"The epoch to which the MS. belongs, goes back to nearly the age of Moses, and it is probable that the great Sesostris was the son of that King who pursued the Hebrews to the extremity of the Red Sea. Perhaps he is also the same personage as Egyptus, who forced his brother Danaus or Armais to fly to Greece, for having in his absence attempted to occupy the throne. Upon the same manuscript, and after a blank margin, commences another composition, entitled The praises of the great King Amemnengo. A few leaves only, separated by intervals and numeral marks, complete this roll, and form the commencement of the history, which is continued in the second of my papyri. It appears to me that conjecture might fix the date of Amemsego's reign before that of Sesostris, as the author wrote in the ninth year of the latter King's reign. This conclusion might also be drawn from the well-known custom of the Egyptians to represent in their monuments, after the principal person, the portrait of his father, and sometimes of his uncle. Lastly, the successor of Sesostris bears the name of Phero in Herodotus ; in Diodorus, that of Sesostris II.; and in Manetho, that of Rapsaces or Rapses: while his father is called Amenophis, or Amenoph, -a name which resembles the one deciphered in the manuscript. A more attentive examination may be expected to remove all doubt on this point. But I am only acquainted with my papyri by the rapid inspection which M. Champollion gave them during the few moments which were at his disposal. The third roll consists of a treatise on astronomy, or astrology, or what is most likely, on both those sciences conjoined. This manuscript has not yet been unrolled, but we may easily imagine that it contains matter of great interest, It is likely that it will make us acquainted with the celestial observations of those remote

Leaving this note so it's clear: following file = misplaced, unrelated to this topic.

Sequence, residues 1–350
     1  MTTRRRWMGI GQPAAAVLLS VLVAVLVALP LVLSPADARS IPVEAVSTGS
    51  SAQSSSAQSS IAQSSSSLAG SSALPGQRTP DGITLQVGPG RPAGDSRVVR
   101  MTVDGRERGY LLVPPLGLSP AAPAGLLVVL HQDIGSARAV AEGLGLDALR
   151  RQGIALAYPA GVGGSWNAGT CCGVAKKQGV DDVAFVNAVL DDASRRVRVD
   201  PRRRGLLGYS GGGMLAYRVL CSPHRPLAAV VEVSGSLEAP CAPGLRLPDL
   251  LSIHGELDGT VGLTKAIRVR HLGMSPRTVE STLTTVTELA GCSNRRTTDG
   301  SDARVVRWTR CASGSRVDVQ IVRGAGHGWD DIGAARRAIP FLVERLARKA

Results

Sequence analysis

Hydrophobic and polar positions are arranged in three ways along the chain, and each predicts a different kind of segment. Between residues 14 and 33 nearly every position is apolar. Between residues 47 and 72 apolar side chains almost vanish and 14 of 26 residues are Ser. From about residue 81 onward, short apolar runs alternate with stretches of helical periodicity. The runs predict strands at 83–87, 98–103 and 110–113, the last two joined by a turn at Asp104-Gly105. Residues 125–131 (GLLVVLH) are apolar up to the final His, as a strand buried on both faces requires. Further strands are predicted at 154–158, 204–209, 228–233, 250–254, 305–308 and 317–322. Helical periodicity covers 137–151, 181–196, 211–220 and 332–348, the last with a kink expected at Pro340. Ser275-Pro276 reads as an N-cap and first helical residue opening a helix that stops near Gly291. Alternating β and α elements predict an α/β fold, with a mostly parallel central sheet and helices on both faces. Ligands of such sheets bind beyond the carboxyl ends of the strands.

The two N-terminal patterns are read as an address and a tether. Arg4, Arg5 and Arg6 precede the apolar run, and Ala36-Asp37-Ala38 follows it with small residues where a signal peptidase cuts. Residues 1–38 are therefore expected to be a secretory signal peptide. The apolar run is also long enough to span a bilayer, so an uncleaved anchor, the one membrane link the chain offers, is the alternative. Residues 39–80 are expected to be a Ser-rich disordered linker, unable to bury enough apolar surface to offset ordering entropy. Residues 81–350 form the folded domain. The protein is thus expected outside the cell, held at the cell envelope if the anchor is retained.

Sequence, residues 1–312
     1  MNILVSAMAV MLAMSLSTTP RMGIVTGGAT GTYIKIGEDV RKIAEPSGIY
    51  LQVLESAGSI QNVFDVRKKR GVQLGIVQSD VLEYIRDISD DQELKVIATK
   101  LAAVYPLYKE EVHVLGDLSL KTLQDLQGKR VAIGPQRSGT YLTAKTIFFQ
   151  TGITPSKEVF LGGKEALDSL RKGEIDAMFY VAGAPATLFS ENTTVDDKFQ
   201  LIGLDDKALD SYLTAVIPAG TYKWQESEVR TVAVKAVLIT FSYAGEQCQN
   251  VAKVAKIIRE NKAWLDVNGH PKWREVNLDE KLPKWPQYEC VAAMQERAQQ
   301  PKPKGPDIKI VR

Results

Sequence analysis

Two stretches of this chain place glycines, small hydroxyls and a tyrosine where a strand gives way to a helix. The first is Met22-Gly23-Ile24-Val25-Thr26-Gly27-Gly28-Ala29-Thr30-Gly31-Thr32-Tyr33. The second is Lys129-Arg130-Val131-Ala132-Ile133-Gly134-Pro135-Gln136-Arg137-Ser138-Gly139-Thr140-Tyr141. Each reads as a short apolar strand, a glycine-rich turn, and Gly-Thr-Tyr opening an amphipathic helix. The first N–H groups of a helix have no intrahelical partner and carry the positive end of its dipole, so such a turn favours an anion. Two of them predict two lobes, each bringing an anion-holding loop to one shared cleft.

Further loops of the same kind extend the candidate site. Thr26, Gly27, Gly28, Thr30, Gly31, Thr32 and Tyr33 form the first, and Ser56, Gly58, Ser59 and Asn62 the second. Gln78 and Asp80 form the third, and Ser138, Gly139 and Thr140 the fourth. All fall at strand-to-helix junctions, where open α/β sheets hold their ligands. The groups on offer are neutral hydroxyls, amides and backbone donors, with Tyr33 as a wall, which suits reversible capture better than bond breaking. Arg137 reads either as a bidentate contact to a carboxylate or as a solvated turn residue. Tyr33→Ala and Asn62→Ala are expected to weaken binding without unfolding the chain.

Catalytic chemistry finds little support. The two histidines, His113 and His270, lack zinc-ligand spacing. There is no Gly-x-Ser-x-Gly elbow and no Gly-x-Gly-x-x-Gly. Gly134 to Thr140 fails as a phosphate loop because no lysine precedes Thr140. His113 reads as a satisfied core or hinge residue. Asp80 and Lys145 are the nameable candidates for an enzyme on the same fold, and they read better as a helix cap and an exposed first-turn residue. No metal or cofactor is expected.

Antiquarian Researches.


times, and with the system of the heavens, adopted by the Egyptians and Chaldeans, probably the first people who occupied themselves with the science of astronomy.

"I must add to the preceding details some account of a little basaltic figure which was included in the articles which the Egyptian sold me, and which appears to have been found together with the three rolls. It represents a man upon his kuees, whose length, if extended, would be eleven inches, the head being fifteen lines. The figure leans upon a sort of table, the top of which is in the form of a desk; upon it are placed his hands, which, though broken, appear to be in the act of writing. On the front of the desk is engraved the device of Sesostris, and on the back of the figure within a border is placed, in hieroglyphic character, the name of the figure, with the title of the Bard and Friend of Sesostris.' A drawing of this figure was made for M. Champollion before he saw the papyri. I neglected to take down in writing its name, and none of the persons who were present at the enrolling of the papyrus thought of inquiring whether any conformity existed between the names sculptured on the figure and those mentioned in the manuscript. Every thing, however, leads to the belief that the figure is a representation of the historian of the Papyri, in whose tomb were deposited his portrait and his works. Of what great importance, then, must these writings be, as their author, a contemporary of Sesostris, cannot be presumed to have exercised the functions with which he was clothed, without following the hero in his victorious course."

At the conclusion of the report, which was listened to with great attention, M. Sallier received the thanks of the society, and was requested to give a copy of his statement to be deposited in the archives of the institution; and au abstract of it was directed to be sent to the different French and foreign academies.

Intelligence has been received from M. Champollion, who arrived at Alexandria on the 18th of August. His last communication is dated August 29, in which he states that he should remain till the 12th of September, to complete the necessary preparations for his journey into the interior of Egypt. He says "I have visited all the monuments in the neighbourhood. Pompey's pillar has nothing very extraordinary about it. I have, however, discovered that there is still something to be gleaned respecting it. It rests upon a mass of solid masonry, constructed out of some ancient ruins, and I have found among those ruins the cartouche [so in the original] of Psammetichus II. I have not neglected the Greek inscription on the base of the column, upon which some uncertainty still prevails.